This tutorial will help you understand what a Forex broker is and how they can help (or hinder) your trading career. It's a perfect article if you're just getting started in Forex and want to learn very basic concepts.
A Forex (foreign exchange) broker is a financial services company that holds your money in their account and gives you the ability to use that money to buy and sell currencies, so that you can potentially profit from the trades. Brokers provide customers with access to liquidity providers, which are the “exchanges” where the currency pairs are actually traded. Some brokers may also take the other side of a trade, in order to help you get your trade filled.
Now let's get into the details of how brokers work and why you need them.
What Does a Broker Do?
In the simplest terms, a broker gives you access to trade the markets.
You send them your money, they deposit your money into your brokerage account and you can start trading Forex with that money.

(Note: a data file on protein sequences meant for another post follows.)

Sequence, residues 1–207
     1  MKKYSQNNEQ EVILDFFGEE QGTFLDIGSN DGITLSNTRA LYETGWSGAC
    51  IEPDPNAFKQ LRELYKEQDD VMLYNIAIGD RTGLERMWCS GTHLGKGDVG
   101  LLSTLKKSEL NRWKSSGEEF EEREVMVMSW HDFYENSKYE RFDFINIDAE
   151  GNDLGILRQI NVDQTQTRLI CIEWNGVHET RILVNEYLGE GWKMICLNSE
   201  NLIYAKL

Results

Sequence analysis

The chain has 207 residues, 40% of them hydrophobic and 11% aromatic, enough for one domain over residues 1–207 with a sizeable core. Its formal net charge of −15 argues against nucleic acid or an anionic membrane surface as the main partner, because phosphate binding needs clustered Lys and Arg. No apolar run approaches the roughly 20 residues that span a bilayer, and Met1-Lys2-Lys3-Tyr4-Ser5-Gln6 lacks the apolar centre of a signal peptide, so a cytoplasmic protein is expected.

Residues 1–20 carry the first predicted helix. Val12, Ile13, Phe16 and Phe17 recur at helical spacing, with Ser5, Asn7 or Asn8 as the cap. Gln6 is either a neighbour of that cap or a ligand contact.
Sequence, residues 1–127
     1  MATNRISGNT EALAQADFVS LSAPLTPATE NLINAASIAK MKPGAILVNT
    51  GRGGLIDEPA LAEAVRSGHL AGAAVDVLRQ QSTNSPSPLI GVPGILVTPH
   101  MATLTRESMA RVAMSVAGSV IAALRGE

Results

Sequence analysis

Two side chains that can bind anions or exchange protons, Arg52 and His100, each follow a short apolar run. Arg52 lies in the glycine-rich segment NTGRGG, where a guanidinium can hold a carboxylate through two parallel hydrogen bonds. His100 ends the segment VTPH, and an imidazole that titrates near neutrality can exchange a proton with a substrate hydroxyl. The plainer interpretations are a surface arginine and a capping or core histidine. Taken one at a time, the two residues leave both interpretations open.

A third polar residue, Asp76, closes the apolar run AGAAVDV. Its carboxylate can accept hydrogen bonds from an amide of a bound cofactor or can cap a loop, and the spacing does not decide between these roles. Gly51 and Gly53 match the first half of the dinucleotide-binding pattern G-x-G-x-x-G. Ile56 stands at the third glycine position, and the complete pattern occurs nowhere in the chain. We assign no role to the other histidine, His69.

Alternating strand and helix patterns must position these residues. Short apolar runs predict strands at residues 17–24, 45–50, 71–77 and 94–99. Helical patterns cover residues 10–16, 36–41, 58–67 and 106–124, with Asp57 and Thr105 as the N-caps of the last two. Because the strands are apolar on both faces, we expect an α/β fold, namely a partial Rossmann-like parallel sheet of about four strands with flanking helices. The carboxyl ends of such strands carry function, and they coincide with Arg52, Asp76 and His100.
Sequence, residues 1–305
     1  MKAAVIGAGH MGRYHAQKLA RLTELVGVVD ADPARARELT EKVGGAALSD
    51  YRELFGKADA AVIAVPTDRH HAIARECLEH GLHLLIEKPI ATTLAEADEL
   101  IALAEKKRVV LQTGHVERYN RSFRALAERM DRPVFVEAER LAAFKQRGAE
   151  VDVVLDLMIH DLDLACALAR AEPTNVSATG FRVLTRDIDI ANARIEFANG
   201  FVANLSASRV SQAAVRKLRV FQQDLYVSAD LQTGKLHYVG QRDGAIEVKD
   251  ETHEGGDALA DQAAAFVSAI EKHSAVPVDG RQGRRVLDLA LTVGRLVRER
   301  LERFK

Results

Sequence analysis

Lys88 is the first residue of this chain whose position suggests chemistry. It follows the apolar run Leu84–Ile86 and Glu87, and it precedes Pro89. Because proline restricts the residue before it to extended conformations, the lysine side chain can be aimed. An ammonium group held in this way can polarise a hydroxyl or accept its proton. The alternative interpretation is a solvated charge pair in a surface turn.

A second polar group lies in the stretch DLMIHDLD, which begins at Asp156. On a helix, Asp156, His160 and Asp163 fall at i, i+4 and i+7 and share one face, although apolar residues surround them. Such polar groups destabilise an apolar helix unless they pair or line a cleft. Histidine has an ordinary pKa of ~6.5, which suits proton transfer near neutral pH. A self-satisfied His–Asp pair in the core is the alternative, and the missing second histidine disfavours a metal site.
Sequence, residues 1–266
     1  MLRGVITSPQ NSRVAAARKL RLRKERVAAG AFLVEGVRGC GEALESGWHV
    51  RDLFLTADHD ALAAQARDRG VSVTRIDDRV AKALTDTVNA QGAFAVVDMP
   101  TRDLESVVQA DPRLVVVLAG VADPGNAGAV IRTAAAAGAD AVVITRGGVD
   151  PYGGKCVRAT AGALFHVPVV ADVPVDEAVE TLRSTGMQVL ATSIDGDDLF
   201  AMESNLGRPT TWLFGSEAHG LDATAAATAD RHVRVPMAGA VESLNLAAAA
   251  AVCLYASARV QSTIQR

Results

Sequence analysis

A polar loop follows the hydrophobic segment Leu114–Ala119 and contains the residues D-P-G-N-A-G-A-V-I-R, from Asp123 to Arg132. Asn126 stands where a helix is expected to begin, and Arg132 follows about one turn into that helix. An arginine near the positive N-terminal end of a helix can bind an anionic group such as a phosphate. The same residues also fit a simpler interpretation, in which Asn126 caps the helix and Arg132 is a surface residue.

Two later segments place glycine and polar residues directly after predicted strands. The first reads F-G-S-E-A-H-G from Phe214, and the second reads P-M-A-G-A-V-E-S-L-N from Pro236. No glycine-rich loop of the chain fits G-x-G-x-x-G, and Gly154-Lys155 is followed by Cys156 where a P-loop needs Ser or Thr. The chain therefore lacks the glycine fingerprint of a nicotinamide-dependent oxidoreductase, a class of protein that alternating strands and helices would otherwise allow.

When you want your money back, you ask them to withdraw your money and they return your money to you.
The Different Types of Brokers
In Forex, there are basically 2 types of brokers:
- Dealing desk, also known as market maker
- Electronic Communication Network (ECN), also known as a “non-dealing desk” broker
Each type of broker has its benefits and downsides.
A dealing desk broker takes the opposite side of some customer trades, if they cannot find another trader to match your trade with. When a reputable dealing desk broker takes your trades, they play fair and generally allow you to take a trade that you may not have been able to get at an ECN broker.
One big upside of a dealing desk broker is that they can take less of a fee per trade than ECN brokers, especially for traders with small accounts.
ECNs are generally thought of as more “fair” because they do not take the other side of customer trades. They simply match customer orders with each other.
These brokers usually charge a commission on every trade, and offer a lower spread, which benefits traders with larger accounts.
The downside to ECNs is that they might not be able to match your order with another trader on the opposite side and they may end up canceling your order. Since they don't take trades themselves, they cannot step in and take the trade.